The judicial power is one of the three capacities constituting the State. It has as a role to control the application of the Loi and to sanction its nonrespect. This capacity is entrusted to the Juge S and the Magistrat S, which are based on the legal texts (which are written by the Legislative power) to return decisions.
According to Marc Uyttendaele, the judicial expression power can take on two different directions: judicial power with the organic direction and the functional direction. In the first case, judicial power indicates the courses and courts and in the second the ability to be able to slice the Litige S.
The judicial power with the organic direction generally indicates the district court, the courses and courts
- 225 courts of peace;
- 37 police courts;
- 27 county courts. The 27 legal districts count each one a civil court for the civil cases and magistrates' court for the penal matters;
- 27 courts of work (one by legal district);
- 27 bankruptcy courts (one by legal district);
- 10 cours d' sitted (one by province)
- 8 courts d application of the sorrows (one by spring and 2 for Brussels);
- 5 cours du work (Brussels, Ghent, Liege, Mons and Antwerp);
- 1 court of appeal.
Other jurisdictions play a part in the field: the Council of State, Court of arbitration, the Superior council of justice.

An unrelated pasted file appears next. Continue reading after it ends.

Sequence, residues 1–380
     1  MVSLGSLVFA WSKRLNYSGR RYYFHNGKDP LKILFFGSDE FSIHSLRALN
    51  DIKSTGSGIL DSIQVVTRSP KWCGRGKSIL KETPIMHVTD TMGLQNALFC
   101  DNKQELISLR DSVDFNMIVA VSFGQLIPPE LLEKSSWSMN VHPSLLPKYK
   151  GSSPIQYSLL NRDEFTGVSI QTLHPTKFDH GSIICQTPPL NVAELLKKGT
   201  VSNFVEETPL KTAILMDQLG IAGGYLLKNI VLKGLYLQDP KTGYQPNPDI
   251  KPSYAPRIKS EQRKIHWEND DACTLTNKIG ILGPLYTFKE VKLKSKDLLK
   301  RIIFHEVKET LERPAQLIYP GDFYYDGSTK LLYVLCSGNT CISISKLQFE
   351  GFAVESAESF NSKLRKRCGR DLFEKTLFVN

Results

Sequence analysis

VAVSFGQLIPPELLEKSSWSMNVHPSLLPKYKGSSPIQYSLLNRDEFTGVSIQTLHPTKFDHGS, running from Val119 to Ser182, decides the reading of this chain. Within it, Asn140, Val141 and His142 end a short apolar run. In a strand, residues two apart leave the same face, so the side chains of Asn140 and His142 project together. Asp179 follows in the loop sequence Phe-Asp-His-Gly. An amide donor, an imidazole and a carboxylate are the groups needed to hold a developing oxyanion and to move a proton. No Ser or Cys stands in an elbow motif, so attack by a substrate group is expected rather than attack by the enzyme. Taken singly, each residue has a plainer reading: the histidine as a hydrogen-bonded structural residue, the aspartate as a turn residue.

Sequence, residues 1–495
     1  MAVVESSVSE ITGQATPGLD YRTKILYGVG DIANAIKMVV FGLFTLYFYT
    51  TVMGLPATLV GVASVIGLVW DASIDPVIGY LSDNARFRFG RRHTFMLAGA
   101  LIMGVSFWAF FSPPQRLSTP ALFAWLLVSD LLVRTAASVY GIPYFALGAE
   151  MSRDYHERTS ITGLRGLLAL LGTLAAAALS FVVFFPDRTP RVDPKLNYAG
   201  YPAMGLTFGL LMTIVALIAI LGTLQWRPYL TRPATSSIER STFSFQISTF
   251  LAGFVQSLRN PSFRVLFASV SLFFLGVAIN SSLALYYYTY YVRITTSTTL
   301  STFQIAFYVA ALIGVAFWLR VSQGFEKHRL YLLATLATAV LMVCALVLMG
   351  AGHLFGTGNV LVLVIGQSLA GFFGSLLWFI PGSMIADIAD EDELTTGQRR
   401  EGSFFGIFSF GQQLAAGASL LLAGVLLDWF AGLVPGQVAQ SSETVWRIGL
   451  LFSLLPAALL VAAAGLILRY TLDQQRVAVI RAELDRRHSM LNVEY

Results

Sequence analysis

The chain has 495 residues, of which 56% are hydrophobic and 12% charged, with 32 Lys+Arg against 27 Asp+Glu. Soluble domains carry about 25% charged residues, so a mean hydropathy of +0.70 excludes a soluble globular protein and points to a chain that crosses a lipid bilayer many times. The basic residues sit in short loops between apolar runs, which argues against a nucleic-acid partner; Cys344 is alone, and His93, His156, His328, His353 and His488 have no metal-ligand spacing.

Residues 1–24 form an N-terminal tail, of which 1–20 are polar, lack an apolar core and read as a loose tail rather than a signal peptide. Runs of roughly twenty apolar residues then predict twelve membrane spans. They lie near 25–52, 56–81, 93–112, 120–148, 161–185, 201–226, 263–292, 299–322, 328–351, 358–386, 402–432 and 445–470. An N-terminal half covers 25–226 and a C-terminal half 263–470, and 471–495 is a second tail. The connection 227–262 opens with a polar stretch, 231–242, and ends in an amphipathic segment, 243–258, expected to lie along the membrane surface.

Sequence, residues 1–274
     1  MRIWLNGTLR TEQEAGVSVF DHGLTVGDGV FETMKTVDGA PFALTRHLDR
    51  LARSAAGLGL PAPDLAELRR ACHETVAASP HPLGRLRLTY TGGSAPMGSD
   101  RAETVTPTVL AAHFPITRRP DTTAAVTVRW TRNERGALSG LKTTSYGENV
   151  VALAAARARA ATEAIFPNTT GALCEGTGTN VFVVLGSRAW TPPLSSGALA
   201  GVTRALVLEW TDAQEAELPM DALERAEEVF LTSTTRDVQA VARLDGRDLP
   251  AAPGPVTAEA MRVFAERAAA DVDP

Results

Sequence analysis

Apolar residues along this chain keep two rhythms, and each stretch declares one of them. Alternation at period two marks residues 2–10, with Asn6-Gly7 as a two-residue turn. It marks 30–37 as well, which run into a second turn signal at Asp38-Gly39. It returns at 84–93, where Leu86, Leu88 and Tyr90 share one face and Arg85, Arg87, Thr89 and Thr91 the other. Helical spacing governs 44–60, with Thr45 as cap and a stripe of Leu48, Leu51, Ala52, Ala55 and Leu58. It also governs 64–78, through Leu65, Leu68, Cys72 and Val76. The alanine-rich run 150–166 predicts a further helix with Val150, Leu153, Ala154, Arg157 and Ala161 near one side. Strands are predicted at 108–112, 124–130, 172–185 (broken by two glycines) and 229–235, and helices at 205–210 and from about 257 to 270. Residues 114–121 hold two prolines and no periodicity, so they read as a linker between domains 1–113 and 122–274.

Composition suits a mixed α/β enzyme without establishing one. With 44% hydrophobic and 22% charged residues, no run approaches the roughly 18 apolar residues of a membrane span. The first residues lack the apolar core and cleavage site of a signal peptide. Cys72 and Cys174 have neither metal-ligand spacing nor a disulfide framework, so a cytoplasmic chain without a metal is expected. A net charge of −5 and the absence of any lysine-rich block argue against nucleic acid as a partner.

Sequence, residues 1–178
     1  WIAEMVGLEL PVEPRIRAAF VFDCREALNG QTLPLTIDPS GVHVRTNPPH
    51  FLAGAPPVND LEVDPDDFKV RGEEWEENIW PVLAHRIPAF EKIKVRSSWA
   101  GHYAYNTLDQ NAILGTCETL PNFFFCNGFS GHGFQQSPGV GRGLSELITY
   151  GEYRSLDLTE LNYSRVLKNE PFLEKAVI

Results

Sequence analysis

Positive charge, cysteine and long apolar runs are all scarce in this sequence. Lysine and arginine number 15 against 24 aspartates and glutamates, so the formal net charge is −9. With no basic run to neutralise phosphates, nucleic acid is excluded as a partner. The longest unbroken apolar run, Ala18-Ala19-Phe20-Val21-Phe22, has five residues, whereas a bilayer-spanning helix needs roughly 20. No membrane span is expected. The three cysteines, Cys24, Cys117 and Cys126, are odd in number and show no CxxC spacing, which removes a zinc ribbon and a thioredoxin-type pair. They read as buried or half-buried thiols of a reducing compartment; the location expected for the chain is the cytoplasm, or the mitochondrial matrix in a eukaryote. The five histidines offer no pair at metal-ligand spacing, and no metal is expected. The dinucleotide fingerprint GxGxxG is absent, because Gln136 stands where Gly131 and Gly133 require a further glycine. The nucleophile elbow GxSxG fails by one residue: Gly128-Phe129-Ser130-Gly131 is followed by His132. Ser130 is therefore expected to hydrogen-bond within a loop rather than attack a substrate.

See also: jurisdictional Organization (France)
It should be noted that in the Constitution of 1958 to Title VIII, it is by no means mentioned “judicial Power”, but of a “Legal authority” (just like it is by no means made mention of “Executive power” and “Legislative power”). But in the facts, this difference in terminology does not change anything.
In LebanonIn first authority, there are fifty six courses of first authority to single judge and eleven in call.
In cassation, there are four civil matter courses qualified, commercial and criminal and a Council of State which counts five contentious rooms, an administrative chamber and a plenary assembly.
There exists a administrative jurisdiction.
There are also military tribunals permanent, which are chaired by an officer and of which only one of its members is a civilian. The military court of cassation is chaired by a civilian and four of its members are soldiers.
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